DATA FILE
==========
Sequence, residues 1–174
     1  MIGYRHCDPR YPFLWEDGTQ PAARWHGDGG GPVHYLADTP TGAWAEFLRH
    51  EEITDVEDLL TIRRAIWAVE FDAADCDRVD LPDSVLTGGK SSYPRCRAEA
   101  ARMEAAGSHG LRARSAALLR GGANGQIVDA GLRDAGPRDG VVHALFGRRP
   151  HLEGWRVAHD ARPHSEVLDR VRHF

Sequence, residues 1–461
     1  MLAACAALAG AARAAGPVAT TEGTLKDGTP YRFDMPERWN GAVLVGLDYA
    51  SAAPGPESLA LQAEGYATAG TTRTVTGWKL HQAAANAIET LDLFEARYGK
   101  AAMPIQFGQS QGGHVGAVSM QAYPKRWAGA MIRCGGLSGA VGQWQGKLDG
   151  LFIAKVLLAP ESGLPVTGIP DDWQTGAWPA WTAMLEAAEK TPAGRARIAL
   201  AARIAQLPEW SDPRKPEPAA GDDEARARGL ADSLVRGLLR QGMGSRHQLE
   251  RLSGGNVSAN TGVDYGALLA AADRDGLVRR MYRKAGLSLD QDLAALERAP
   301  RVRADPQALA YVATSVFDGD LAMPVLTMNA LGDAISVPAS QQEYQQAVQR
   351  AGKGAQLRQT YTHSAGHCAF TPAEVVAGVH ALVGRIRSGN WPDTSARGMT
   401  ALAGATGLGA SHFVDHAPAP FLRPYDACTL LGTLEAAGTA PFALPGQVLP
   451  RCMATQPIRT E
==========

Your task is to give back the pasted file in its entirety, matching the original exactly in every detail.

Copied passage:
Sequence, residues 1–174
     1  MIGYRHCDPR YPFLWEDGTQ PAARWHGDGG GPVHYLADTP TGAWAEFLRH
    51  EEITDVEDLL TIRRAIWAVE FDAADCDRVD LPDSVLTGGK SSYPRCRAEA
   101  ARMEAAGSHG LRARSAALLR GGANGQIVDA GLRDAGPRDG VVHALFGRRP
   151  HLEGWRVAHD ARPHSEVLDR VRHF

Sequence, residues 1–461
     1  MLAACAALAG AARAAGPVAT TEGTLKDGTP YRFDMPERWN GAVLVGLDYA
    51  SAAPGPESLA LQAEGYATAG TTRTVTGWKL HQAAANAIET LDLFEARYGK
   101  AAMPIQFGQS QGGHVGAVSM QAYPKRWAGA MIRCGGLSGA VGQWQGKLDG
   151  LFIAKVLLAP ESGLPVTGIP DDWQTGAWPA WTAMLEAAEK TPAGRARIAL
   201  AARIAQLPEW SDPRKPEPAA GDDEARARGL ADSLVRGLLR QGMGSRHQLE
   251  RLSGGNVSAN TGVDYGALLA AADRDGLVRR MYRKAGLSLD QDLAALERAP
   301  RVRADPQALA YVATSVFDGD LAMPVLTMNA LGDAISVPAS QQEYQQAVQR
   351  AGKGAQLRQT YTHSAGHCAF TPAEVVAGVH ALVGRIRSGN WPDTSARGMT
   401  ALAGATGLGA SHFVDHAPAP FLRPYDACTL LGTLEAAGTA PFALPGQVLP
   451  RCMATQPIRT E